The H-1B visa program allows foreign workers to temporarily hold employment in specialized fields within the United States. These work visas, petitioned for by employers in California and other states, can remain in effect for up to six years. There are certain requirements of eligibility for both the prospective employee and the employer filing the petition.
One of the things an employer petitioning for an H-1B visa must do is to sign a document attesting to the fact that the hired foreign worker will not diminish the quality of wages or workplace conditions for any U.S. citizen employees. As for the potential employee, he or she must hold a bachelor’s degree or an equivalent. The government sets a limit on the number of H-1B visas that may be issued every year.
In recent times, there have typically been approximately 65,000 H-1B visas granted each year. Another 20,000 foreign professional workers who have a Master’s or Doctorate degree were given additional visas. When the number of applications within the first five days of availability exceeds the cap for the number of available visas, a lottery is sometimes held, drawing from all applications received during that time.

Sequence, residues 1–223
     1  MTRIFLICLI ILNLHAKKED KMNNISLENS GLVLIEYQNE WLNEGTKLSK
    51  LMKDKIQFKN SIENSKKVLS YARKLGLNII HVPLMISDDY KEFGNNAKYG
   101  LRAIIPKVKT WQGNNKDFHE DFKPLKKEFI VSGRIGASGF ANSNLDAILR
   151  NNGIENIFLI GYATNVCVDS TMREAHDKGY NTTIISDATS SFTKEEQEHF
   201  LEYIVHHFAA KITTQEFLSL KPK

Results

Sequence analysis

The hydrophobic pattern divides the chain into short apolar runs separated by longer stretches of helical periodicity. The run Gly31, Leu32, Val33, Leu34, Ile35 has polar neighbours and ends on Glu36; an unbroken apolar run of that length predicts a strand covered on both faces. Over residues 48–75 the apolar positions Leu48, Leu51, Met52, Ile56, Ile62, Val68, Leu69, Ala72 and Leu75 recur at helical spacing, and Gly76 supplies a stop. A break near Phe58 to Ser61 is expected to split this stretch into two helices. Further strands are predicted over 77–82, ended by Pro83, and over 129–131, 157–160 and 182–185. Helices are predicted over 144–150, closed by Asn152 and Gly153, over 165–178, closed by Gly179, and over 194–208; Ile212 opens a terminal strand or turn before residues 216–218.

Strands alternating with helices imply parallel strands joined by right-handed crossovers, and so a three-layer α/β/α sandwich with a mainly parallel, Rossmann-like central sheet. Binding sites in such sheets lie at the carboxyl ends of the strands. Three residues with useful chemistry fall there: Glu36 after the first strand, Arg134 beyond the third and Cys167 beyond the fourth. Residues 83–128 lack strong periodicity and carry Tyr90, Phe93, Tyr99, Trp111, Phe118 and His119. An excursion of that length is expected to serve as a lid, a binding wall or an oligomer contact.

There has been a certain amount of controversy regarding whether work visas such as those issued in the H-1B program drive down the wages of workers in the United States. Some say that the program actually has a positive effect on the overall wage conditions in the nation. Others purport that native-born workers suffer because H-1B workers typically earn higher wages. California workers who have questions or concerns regarding work visas or the H-1B program may address the issues with a legal professional who is experienced in the field of immigration and naturalization law.
Source: immigrationpolicy.org, “The H-1B Visa Program: A Primer on the Program and its Impact on Jobs, Wages, and the Economy”, Accessed on July 9, 2015